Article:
Board approves new budget, 5.3 percent tuition increase

Lauren Fitch

The Grand Valley State University Board of Trustees had money or their minds at their July 16 meeting where the 2010-11 budget was approved to include a 5.3 percent increase in tuition.

The Board unanimously approved the next fiscal year’s budget, which also featured a wage freeze for the majority of GVSU employees and a change in health care coverage that requires employees to pay about 20 percent of their costs out-of-pocket instead of the previous 13 percent.

Jim Bachmeier, vice president for Finance and Administration, recommended the budget to the board.

“We worked hard to maintain affordability,” said Jim Bachmeier, vice president of Finance and Administration, as he presented the budget. He added that the university will continue its trend of increasing financial aid options at a higher rate than the tuition increase. About $26 million in financial aid will be offered to GVSU students in 2010-11, an increase of 6.3 percent.

Ferris State University and Central Michigan University recently upped their tuition by 4.7 percent and 2.1 percent, respectively. Bachmeier said some other universities are setting different tuition rates for each semester in hopes of making the increased cost look smaller.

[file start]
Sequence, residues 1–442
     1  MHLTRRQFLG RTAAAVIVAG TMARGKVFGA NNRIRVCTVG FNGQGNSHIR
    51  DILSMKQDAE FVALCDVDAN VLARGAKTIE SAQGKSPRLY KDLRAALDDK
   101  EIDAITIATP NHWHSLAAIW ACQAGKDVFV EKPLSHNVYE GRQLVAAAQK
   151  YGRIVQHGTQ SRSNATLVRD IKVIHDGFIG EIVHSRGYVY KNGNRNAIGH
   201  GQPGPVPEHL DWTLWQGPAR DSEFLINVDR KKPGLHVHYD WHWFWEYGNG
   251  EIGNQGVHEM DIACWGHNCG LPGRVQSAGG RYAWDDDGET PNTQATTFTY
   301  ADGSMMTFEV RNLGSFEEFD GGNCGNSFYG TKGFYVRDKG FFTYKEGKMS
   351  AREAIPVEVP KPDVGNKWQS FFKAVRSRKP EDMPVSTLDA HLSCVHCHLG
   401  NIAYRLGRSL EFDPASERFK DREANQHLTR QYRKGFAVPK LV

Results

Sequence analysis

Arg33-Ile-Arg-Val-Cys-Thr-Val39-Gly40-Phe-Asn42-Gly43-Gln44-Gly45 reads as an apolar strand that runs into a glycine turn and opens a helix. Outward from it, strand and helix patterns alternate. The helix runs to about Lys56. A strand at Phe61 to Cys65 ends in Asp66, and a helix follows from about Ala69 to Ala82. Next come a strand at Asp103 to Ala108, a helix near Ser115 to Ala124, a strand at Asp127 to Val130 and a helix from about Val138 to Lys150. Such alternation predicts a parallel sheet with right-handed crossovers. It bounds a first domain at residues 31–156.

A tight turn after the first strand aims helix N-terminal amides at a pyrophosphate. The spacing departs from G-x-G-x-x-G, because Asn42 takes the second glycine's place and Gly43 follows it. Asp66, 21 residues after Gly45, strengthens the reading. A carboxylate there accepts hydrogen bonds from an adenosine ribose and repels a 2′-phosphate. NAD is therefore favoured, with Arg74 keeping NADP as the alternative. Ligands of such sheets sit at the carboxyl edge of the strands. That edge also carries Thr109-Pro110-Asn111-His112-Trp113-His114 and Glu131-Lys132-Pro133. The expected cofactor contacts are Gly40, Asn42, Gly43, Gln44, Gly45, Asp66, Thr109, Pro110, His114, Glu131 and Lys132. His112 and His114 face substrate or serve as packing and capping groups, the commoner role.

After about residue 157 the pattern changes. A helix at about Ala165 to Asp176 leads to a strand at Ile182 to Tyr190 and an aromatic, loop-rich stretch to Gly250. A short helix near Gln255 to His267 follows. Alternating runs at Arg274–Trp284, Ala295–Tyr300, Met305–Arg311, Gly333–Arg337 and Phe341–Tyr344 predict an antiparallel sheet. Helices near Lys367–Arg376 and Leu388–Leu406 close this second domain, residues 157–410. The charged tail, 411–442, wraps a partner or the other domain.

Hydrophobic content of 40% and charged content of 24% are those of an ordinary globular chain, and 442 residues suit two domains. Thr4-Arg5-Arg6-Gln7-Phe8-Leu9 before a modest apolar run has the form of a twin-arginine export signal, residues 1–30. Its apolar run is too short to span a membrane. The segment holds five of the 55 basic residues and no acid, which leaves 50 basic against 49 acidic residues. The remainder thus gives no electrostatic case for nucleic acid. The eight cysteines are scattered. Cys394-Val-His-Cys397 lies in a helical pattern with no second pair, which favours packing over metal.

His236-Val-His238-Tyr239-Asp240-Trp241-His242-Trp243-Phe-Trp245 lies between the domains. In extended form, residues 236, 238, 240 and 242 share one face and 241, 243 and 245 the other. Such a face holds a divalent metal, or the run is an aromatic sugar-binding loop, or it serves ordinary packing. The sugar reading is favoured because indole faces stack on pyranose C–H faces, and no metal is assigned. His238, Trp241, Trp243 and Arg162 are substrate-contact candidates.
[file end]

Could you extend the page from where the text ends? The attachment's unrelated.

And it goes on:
“We’re really a transparent organization,” Bachmeier said of GVSU’s year-long tuition rate.

The increase will cost undergraduate students an average of $299 more each semester and put tuition at $9,088 a year, which is still below the state average.

Board members applauded faculty and staff for agreeing to the wage freeze as well as donating some of their pay to the campaign to fund student scholarships.

“We are very appreciative … to the faculty and staff for this freeze,” said Dorothy Johnson, a board member. “We know you had to make concessions, you had to make sacrifice, you had to use even more creativity.”

Bachmeier also commended the faculty for their dedication to the university.

“It is, I would say, broadly accepted that this was the right decision at this time,” Bachmeier said of the budget. “There’s a time when you have to do a little extra for a little less, and this is that year.”

President Thomas Haas maintained his proposal to decrease tuition by 5 percent if the state grants GVSU the average per-student aid that other universities received. However, it is predicted the state will cut its aid by another 3 percent.

Other topics addressed at the meeting included:

*an update on the Developmental Division report

*the approval of a Comprehensive Science and Arts for Teaching major

*the approval of GVSU’s first completely online course for Educational Technology

*a report on charter school performance

*the sale of property on Front Avenue from DeVries Development Properties LLC to GVSU for its new building for the Seidman College of Business

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